Livestreaming, AR, Influencers and the Future of Online Shopping

Francesca Billington

Francesca Billington is a freelance reporter. Prior to that, she was a general assignment reporter for dot.LA and has also reported for KCRW, the Santa Monica Daily Press and local publications in New Jersey. She graduated from Princeton in 2019 with a degree in anthropology.

Livestreaming, AR, Influencers and the Future of Online Shopping

The time for online shopping is now.

The pandemic has ushered in the era of ecommerce as Americans embrace curbside pickup, next day deliveries and grocery pick-up services. There's likely no going back as an increasing number of consumers get accustomed to shopping online.

Now, retailers are taking experience to another level with streaming, data personalization, augmented reality and other features that are only likely to grow digital shopping habits.

Here are three trends sweeping ecommerce and the Los Angeles companies that are fueling it:

AR and Livestreaming Usher in New Virtual Shopping Experiences

Makeup and clothing retailers that relied on in-store shoppers have turned to augmented reality features to lure customers — from their own homes where they don't have to social distance.

YouTube and Amazon both launched livestreaming services this year, letting consumers shop for clothes or try on makeup from their phone screens. Meanwhile, Google's new augmented reality platform built with Toronto-based ModiFace pairs ecommerce sites with the virtual try-on technology.

In Los Angeles, two venture-backed livestreaming shopping companies are making waves. Popshop Live launched in 2019 and this year closed a $3 million round in July as CEO and founder Danielle Li watched users spike in a push from businesses to stay afloat.

"Retailers who have one to three locations quickly realized they're getting nearly the same amount of traffic," said Philip Soriano, Popshop Live's head of operations. "People come to us and will probably stick around even if the foot traffic comes back."

Meanwhile, L.A.-based NTWRK offers livestreamed shows featuring limited-edition gear launched by celebrities and designers. The video commerce platform, founded in 2018 and backed by Live Nation Entertainment, recently partnered with Snap to stream interviews with designers and creators about items they're preparing to drop.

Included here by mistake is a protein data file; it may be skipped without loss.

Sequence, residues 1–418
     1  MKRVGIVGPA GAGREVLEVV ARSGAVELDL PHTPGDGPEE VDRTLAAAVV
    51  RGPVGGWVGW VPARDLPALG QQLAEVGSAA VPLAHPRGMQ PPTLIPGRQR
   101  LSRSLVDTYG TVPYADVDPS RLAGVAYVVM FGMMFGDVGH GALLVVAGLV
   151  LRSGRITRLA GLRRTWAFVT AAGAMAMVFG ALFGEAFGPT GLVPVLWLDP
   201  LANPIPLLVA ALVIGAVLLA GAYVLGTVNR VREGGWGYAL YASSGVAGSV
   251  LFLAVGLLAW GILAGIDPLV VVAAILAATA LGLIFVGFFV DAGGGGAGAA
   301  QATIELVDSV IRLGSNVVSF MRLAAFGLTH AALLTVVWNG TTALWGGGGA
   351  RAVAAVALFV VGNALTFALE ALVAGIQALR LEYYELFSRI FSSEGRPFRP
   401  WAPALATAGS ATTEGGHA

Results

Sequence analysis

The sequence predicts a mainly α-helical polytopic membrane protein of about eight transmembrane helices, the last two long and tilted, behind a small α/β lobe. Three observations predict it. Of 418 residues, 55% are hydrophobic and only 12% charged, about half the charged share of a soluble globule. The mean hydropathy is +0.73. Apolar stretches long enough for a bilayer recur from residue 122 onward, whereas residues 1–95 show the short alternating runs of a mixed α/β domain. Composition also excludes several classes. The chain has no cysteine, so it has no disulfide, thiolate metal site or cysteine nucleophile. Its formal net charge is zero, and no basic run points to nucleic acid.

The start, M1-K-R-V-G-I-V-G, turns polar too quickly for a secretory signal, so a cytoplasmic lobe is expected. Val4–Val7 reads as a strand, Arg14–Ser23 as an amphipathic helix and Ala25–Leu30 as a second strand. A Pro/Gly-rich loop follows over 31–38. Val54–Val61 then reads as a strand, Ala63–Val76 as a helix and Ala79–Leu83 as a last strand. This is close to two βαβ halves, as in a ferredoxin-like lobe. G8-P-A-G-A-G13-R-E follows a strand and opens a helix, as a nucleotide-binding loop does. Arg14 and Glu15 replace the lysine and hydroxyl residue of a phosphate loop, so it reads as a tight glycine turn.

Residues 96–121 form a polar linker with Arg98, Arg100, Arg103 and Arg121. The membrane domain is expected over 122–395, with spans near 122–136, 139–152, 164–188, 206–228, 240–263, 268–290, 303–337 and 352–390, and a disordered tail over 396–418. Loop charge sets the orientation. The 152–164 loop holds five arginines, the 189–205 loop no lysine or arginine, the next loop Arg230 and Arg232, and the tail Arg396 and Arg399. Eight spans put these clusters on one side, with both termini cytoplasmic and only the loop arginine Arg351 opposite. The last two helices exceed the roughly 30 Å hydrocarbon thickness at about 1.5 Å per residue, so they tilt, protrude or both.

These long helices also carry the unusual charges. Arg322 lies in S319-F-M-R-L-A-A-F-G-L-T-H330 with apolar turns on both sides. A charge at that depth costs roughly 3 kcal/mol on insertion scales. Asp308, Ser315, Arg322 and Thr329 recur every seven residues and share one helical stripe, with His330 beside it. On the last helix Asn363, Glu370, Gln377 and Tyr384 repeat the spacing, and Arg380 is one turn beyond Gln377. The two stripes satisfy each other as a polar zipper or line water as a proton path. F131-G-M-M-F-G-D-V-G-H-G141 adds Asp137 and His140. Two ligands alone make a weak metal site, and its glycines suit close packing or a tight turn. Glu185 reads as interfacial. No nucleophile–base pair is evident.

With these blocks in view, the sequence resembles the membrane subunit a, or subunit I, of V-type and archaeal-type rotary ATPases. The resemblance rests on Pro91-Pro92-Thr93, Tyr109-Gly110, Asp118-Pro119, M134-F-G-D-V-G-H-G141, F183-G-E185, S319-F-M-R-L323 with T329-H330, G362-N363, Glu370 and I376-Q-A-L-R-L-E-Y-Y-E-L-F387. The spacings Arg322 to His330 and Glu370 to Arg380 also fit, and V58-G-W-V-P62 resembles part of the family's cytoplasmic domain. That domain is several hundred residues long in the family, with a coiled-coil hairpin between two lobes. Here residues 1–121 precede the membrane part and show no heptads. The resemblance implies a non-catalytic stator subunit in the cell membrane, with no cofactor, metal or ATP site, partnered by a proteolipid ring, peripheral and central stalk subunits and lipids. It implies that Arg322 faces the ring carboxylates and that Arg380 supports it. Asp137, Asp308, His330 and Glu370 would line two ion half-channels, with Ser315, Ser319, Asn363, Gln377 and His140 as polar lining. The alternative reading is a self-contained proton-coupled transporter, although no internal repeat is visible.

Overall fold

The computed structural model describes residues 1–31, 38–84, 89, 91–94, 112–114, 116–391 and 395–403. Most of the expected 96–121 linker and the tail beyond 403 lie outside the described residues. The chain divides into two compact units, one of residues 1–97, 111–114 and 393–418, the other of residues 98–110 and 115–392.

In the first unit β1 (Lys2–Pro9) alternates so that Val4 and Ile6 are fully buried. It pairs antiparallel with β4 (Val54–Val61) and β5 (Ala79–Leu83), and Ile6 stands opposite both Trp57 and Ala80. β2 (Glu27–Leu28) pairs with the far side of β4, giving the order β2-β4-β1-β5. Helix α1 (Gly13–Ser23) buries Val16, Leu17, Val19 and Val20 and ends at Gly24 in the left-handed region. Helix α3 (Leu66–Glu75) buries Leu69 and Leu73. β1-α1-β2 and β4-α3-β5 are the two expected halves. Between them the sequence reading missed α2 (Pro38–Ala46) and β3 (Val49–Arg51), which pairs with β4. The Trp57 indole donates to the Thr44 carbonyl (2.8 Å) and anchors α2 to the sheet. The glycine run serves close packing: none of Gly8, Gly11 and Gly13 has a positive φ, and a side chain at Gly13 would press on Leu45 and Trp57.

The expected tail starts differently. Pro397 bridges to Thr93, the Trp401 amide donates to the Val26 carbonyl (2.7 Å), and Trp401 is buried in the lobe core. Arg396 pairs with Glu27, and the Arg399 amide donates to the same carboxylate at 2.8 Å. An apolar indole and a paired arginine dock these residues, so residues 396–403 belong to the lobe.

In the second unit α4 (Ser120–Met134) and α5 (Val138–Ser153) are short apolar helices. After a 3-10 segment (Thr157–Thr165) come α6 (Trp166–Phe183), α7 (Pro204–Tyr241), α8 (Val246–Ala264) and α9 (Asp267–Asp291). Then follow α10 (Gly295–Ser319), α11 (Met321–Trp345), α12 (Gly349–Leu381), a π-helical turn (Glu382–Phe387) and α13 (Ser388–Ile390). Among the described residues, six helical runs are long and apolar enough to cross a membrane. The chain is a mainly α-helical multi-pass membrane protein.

Popshop LivePopshop Live Became Essential for LA Boutiques During the Shutdown. Now It's Got $3M to Grow

Entertainment and Shopping Have Teamed Up

From platforms like Popshop Live to Instagram's new Reels feature, tech companies are harnessing influencers and networks of users to promote consumer products.

As companies feel the pressure to build an online presence, many are turning to influencer marketing campaigns to ramp up sales. And marketers only expect that trend to continue.

MagicLinks, an L.A. social media marketing company, found that across a sample of 4,500 ecommerce retailers, sales directed through YouTube influencers jumped 80% year over year in the quarter from June through August. The company said influencer-driven sales were up 115% across customers, including Target, L'Oreal and Best Buy.

Other marketing agencies said they've increased budgets for influencer content since the pandemic. Even bigger companies are giving it a shot: Tito's Vodka and Superdry to name a couple.

"Any brand that wants to connect with Gen Z, and sell whatever product or service they have, has to engage (with these platforms)," Glenn Ginsburg, SVP of global partnerships at influencer marketing agency The QYOU told dot.LA. "Moving forward I think we'll see brands start to build deeper relationships with influencers."

Better Recommendations Are on the Way

Personalization has swept ecommerce as companies are ramping up product recommendations online. AI is now becoming more precise in helping companies steer shoppers toward products that fit their profile.

Gabriel Nipote is the co-founder and COO of Halla, the L.A.-based machine learning company builds algorithms for online groceries to make smarter food recommendations. Unlike retail where shoppers are comfortable, online grocery shopping is starting to gain market traction.

It's there that the gaps to machine learning are clear. For instance, some online markets during the pandemic offered customers product substitutions that didn't resemble what they ordered.

"There are special places on Twitter and Reddit for people to complain about their tortillas being replaced by bags of flour, or receiving recommendations for hygiene products while browsing bagels," Nipote said.

And because shoppers have only recently started coming around to grocery shopping online, data is still scant and difficult to draw broad conclusions from. As more shoppers fill shopping carts online, Nipote, whose startup team has doubled since March, expects more tech solutions for personalized shopping to launch in 2021.

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